Joel Kurtzberg, Risen’s attorney, said the ball is now in the government’s court. Risen was never held in contempt because the trial court initially ruled that he was protected by the reporter’s privilege and did not have to testify. An appellate court later reversed, and that decision now stands.

Therefore, the government will have to pursue Risen’s testimony again in trial court, Kurtzberg said.

“If they say they are going to do that, we will make clear that [Risen] is not going to testify and then there would have to be a contempt hearing,” Kurtzberg said.

Supreme Court: Secret Service immune from Bush protesters' suit

Cindy Gierhart | Newsgathering | News | May 27, 2014
News
May 27, 2014

The Supreme Court unanimously held Tuesday that Secret Service officials could not be sued by protesters who alleged a First Amendment violation for being moved away from then-President George W. Bush while Bush supporters were allowed to remain.

Steven R. Shapiro, legal director of the American Civil Liberties Union, expressed disappointment over the Court's decision. While the ACLU recognizes the obvious need for security surrounding the president, he said "that does not include the right to shield the President from criticism . . . . In our view, the jury should have been allowed to decide whether this case was actually about security or censorship."

Ohio Attorney General argues against state election-related speech law in U.S. Supreme Court

Cindy Gierhart | Libel | News | March 5, 2014
News
March 5, 2014

The Ohio Attorney General argued against its own election-related speech law in a brief filed in the U.S. Supreme Court on Monday.

In Susan B. Anthony List v. Driehaus, the U.S. Supreme Court will decide whether two organizations can challenge an Ohio law that makes it a crime to knowingly make false statements about a candidate for office or ballot proposition.

Rather than defend the law, the Ohio Attorney General admitted it “raise[s] a number of potential constitutional issues.”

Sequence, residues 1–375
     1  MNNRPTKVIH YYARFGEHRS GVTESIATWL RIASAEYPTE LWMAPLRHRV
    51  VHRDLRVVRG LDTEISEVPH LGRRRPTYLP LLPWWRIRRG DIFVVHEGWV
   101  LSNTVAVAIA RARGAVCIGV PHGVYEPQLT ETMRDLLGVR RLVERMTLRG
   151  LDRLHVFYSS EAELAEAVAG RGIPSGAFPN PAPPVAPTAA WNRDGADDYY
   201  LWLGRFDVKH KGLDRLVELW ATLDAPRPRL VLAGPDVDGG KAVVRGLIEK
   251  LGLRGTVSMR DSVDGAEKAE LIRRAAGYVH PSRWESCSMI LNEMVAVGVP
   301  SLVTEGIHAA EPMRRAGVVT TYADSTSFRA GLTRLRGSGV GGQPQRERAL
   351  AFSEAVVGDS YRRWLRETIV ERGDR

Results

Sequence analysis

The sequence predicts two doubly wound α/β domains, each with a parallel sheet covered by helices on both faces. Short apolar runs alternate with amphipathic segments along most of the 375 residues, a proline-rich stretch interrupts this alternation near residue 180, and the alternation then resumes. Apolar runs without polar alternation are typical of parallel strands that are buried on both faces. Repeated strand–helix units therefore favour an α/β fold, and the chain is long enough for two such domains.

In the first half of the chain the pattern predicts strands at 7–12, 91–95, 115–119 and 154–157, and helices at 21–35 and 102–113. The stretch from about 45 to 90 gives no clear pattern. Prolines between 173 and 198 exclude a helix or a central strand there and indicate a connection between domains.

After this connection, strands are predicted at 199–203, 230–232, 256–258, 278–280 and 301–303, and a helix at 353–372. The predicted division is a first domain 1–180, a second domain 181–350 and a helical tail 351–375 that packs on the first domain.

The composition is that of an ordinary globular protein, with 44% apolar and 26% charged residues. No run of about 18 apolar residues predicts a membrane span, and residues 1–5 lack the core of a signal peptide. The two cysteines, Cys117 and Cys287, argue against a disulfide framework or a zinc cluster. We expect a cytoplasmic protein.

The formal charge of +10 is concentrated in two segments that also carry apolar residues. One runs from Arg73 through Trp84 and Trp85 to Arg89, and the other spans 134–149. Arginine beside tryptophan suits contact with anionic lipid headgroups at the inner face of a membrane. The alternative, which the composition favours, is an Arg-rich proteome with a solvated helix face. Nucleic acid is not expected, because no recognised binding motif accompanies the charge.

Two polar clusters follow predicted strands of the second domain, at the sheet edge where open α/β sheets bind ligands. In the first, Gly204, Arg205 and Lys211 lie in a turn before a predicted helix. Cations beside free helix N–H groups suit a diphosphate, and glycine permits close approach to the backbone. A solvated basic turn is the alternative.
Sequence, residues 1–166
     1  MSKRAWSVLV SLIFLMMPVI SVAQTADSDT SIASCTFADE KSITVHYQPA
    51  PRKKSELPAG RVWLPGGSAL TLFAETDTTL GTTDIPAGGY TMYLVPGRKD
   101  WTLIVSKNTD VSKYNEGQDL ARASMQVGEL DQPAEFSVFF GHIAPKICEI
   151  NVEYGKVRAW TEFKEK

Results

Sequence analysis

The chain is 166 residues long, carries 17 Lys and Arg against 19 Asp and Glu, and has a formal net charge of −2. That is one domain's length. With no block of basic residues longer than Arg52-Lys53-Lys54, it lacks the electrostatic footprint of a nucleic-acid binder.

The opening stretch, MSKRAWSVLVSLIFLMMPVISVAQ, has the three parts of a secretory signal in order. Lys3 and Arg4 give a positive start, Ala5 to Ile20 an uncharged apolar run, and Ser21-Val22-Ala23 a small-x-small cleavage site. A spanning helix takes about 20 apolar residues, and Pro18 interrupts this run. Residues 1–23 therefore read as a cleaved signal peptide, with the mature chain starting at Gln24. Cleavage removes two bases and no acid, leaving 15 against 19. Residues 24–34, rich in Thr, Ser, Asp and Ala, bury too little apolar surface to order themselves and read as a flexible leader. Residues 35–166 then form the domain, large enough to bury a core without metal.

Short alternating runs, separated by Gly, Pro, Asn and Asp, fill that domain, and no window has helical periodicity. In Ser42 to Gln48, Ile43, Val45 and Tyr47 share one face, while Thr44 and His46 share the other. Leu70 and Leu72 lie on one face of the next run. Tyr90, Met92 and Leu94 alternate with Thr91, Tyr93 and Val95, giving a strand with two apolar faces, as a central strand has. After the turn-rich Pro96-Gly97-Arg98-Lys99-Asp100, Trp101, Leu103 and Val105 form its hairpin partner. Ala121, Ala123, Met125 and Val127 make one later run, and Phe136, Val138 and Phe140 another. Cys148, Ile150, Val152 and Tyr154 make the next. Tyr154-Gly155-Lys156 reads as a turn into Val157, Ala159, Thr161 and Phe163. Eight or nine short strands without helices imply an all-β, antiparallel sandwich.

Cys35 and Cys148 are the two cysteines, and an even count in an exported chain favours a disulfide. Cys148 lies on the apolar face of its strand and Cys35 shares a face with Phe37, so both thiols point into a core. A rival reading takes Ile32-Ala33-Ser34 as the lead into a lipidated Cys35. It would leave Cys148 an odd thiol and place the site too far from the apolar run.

Supreme Court rules against protester, avoids First Amendment claim

Emily Grannis | News | February 27, 2014
News
February 27, 2014

The U.S. Supreme Court yesterday unanimously declined to address the First Amendment claims of a protester who was banned from a military base , deciding the case solely on property ownership grounds.

Anti-war activist John Apel was banned from Vandenberg Air Force base in 2003 after he was involved in a protest that included throwing blood on a sign at the base. He was arrested and served two months in jail and was barred from the base for three years. After he began protesting there again in 2008, the base commander permanently banned Apel.

Reporters Committee panel discusses technology and transparency in the Supreme Court

Latara Appleby | Secret Courts | News | October 25, 2013
News
October 25, 2013

Supreme Court correspondents, academics, lawyers and a state supreme court chief justice discussed court transparency at the National Press Club today, with one panelist saying that one day cameras in the highest court will become a reality.

"I think it's inevitable," said panelist Pete Williams, the justice correspondent for NBC News.

U.S. Supreme Court declines to hear challenge to Texas Open Meetings Act, sealed records challenge

Lilly Chapa | Freedom of Information | News | March 26, 2013
News
March 26, 2013

The U.S. Supreme Court declined to hear arguments about the constitutionality of the criminal sanction provisions of the Texas Open Meetings Act, ending the long-running legal battle over a statute that prohibits government officials from talking about public business in private.

The Court also declined to hear a case involving a First Amendment defense to a penalty for disclosing sealed records.